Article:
New grant policy enacted for student organizations

In their final meeting before moving to the new student center, the Associated Students Senate voted unanimously to pass a new grant policy for Chartered Student Organizations (CSO), the technical term for university-recognized clubs.  

The Senate had initially wished to pass the new policy a week before, but they decided to give it an additional week to give the necessary fine-tunings that will make it successful.  

“It’s important that instead of worrying about time, we worry more about quality of the work,” said Iman Rashed, who oversees these meetings as chair of the senate. “Even though we understood the time pressure in providing these grants, it would be a disservice to just pass it at crunch time rather than actually working on it and giving it our best effort.”

After receiving $30,000 in requests from CSOs, which also happens to be the entire amount they can allocate amongst clubs per semester, Vice President of Finance Matthew Dougherty realized that changes to the current policy were necessary. 

“The senate authorizes [a certain] amount of money to give out to organizations; what happened was that clubs requested that amount of money within the first month of school,” said Executive Director of Associated Students Erik Dickson, who serves as a staff advisor to the Senate. “We had a whole lot of clubs that couldn’t get grants because they were waiting for the other grant contracts to expire.”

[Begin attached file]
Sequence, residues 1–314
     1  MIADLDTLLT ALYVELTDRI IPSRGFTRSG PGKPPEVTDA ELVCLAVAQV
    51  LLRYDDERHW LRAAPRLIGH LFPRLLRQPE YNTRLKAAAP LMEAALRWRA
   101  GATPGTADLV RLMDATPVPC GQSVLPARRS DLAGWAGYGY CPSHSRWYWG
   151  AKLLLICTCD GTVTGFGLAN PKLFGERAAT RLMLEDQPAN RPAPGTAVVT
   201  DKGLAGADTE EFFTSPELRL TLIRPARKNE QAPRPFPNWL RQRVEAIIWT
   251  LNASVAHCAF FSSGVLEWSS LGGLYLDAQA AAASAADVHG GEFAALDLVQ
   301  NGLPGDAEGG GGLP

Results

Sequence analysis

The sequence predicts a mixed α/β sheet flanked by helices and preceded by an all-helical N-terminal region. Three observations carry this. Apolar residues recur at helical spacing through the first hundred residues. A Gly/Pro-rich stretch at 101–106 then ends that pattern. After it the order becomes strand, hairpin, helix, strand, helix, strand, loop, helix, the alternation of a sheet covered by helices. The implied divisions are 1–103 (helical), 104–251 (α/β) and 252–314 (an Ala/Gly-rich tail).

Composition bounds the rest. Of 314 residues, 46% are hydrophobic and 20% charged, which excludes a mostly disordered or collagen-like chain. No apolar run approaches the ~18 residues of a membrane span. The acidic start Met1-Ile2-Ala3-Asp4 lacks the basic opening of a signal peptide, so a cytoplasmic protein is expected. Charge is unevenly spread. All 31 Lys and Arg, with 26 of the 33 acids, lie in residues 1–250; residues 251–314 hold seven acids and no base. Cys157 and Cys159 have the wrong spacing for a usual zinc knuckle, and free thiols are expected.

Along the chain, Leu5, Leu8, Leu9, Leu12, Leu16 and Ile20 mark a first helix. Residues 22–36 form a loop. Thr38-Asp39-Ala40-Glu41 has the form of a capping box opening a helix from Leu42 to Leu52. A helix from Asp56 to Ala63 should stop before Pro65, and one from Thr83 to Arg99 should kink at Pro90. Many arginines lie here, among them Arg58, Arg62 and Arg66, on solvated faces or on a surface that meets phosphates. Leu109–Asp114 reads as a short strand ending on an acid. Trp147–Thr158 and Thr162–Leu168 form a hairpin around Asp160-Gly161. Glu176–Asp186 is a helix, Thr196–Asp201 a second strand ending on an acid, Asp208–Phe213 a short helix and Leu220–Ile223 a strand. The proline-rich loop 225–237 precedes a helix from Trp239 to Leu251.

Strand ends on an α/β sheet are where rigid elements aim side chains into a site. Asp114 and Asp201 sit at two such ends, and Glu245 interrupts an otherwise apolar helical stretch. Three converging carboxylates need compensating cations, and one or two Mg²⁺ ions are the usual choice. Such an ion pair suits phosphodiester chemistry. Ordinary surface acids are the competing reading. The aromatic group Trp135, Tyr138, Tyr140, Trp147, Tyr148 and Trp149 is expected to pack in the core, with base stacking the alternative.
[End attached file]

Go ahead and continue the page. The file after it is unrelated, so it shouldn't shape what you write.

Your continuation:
As finance is his area of expertise, Dougherty headed the operation and began to look for ways to improve on the existing policy.

One aspect he improved on was how grants were, well, granted. Previously, grants were categorized into three tiers: on-campus programming, off-campus travel, and supplies and club development. Depending on the CSO’s needs, they could apply under one of those tiers for up to as much as $2,000 per grant and up to $3,500 per year.

“CSOs can now apply for funds for different things, like now they can apply for consumables,” said Dougherty. “It used to be they could only apply for three tiers, but now there are five tiers of different funding and we tightened up the language so it’s less ambiguous and clubs know what to expect.”  

Dougherty decided to bump up the number of tiers to five in order to encourage clubs to not just apply for the money, but to use it as well. 

“My hope is that organizations will now use the funds that we grant them and have some really great programs for our students,” said Dougherty. “In the past, say they applied for $300 grant and were approved; sometimes they would just use like five dollars, so we want them to actually use the funds that we grant them and to consider them for large scale programs.”

Dustin DeMatteo, the vice president and safety officer of the men’s soccer club, emphasized that grant money is an essential part of how the club operates.

“Using grants reduces the overall amount for financial dues charged to each club member per semester. Recently, the travelling grant was the most beneficial,” said DeMatteo. “We used this grant to help fun our Aztec Cup tournament in San Diego where we placed second among a large amount of teams.”

Another big-ticket item Dougherty decided to keep intact was the food policy, meaning CSOs will still be unable to use student funds to pay for trips to In-N-Out Burger or Applebee’s. 

Dickson says that the grant money is about benefitting all of the students as opposed to individuals or just a few individual clubs.